The first floor held a common area and kitchen, much like a tavern would have. The second floor comprised a dozen personal rooms for sleeping, again like a tavern might, but the rooms were more lavishly furnished. There were two large rooms with several beds, and several smaller ones for individuals. And there were actual beds in the rooms, not just cheap mattresses stuffed with leaves, hay, heather, or whatever other soft ingredients a tavern keeper might find. One of the rooms even had a mirror mounted at a small desk, much like a woman’s vanity. The mirror had cracked, or been broken, at some point in the past, but it was still quite useful. This was the room Baska had chosen for himself.
As he stared at the ceiling, he considered his plan. He had sent several messages to the existing business partners he had found in the ledger. In those letters, he had passed himself off as the crime lord who once inhabited this building. He had told the business owners that they were now going to start paying him protection again, as in the days of old. He was hoping at least one of them would have delivered him some coin, but none had responded. Baska still shuddered even to think the man’s name, but it was possible that the name no longer inspired the kind of fear it once did, particularly with the Doravin in their midst. He was going to have to remind the people why they used to fear this name. Then the money would come in.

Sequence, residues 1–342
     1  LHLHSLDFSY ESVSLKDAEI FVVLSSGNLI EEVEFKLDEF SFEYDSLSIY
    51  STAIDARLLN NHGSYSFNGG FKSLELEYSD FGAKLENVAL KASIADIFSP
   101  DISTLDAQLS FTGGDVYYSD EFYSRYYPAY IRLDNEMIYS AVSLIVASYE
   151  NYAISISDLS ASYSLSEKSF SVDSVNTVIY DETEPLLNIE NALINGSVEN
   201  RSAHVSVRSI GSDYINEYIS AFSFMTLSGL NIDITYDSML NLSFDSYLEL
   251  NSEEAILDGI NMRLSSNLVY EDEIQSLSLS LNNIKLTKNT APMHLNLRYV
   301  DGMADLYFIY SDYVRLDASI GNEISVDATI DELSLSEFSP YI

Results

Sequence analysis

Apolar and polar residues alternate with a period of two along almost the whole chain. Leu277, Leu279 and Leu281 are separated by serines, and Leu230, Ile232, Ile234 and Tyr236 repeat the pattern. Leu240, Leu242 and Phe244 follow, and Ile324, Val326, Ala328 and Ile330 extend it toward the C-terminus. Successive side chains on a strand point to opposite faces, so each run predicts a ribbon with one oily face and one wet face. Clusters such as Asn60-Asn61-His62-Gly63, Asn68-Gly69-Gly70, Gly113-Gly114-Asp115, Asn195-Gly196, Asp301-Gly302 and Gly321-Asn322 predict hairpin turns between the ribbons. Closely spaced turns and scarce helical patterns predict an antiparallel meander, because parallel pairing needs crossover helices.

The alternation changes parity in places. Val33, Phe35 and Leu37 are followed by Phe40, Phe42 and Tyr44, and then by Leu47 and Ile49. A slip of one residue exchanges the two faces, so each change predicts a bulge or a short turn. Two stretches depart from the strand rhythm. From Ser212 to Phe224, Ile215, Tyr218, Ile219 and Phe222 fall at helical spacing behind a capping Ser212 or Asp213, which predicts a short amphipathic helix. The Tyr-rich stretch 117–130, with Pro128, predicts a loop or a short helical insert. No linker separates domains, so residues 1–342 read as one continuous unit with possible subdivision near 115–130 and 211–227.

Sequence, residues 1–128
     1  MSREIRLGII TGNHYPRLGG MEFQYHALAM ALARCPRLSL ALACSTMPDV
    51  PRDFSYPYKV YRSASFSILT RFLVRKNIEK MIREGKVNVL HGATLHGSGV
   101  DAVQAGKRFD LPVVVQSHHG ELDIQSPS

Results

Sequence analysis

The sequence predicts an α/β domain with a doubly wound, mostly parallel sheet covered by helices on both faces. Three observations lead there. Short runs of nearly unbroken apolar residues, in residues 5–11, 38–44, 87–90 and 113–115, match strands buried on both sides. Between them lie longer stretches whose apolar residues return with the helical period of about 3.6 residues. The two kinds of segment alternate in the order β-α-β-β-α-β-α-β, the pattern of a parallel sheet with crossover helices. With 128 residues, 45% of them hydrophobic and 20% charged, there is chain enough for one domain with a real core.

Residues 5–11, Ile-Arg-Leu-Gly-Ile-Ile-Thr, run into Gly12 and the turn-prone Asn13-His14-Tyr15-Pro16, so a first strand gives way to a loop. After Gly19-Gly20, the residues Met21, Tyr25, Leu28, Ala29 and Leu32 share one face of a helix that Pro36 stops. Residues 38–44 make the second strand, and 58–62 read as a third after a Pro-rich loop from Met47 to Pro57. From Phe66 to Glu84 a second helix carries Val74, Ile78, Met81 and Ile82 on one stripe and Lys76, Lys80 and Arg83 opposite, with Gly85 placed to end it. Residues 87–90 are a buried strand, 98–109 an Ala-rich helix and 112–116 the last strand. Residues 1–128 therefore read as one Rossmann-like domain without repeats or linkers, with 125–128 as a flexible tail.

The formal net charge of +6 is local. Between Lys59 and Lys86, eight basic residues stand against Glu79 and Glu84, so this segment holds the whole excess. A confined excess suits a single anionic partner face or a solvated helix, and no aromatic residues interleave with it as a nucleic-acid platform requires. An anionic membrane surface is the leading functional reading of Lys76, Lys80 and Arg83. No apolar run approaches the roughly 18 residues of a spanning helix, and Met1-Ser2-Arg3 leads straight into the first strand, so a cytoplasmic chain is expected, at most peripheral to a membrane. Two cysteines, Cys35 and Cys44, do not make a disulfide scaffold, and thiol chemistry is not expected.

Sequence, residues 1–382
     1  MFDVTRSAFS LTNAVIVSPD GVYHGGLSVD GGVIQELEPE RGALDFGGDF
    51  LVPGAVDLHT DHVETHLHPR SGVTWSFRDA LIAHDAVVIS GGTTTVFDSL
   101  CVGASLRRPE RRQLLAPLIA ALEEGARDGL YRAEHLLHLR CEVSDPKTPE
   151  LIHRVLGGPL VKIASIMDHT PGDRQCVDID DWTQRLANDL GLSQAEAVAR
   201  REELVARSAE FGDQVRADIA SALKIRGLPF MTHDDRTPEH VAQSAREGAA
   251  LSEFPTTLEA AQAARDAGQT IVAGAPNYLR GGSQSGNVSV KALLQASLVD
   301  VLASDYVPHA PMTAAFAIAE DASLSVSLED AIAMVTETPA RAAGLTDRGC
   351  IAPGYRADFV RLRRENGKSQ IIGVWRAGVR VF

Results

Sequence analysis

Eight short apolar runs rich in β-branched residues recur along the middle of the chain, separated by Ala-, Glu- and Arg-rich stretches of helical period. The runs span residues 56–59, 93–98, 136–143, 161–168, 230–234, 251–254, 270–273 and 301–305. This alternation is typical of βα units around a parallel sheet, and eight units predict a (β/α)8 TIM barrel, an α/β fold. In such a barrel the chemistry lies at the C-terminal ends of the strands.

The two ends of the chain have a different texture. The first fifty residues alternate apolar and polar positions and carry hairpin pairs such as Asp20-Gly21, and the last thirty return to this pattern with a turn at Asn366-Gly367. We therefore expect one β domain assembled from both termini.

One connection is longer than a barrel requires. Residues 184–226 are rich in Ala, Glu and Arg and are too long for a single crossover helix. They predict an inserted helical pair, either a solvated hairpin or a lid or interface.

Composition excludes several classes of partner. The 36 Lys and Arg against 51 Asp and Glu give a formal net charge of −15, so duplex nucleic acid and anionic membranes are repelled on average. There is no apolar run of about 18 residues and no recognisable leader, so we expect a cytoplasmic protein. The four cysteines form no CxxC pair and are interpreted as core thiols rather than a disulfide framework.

Darrin stared intently at the floor, not wishing to meet his master’s gaze. Gilliam Hytheworde was a merchant by trade, and was not likely to actually harm his own employees. His business sense was excellent in that matter. Darrin was still hesitant to stare his employer in the eyes, however, as delivering bad news was never pleasant.
Hytheworde sat at a large wooden desk that was completely clear of any items. His balding head was decorated with wisps of grey hair like a gentle fog. His jowls hung loosely from his clean-shaven face. His nose was unobstructed by any beard or mustache. But his thick, long, bushy eyebrows — white against his ruddy skin — partially obstructed his hawk-like eyes.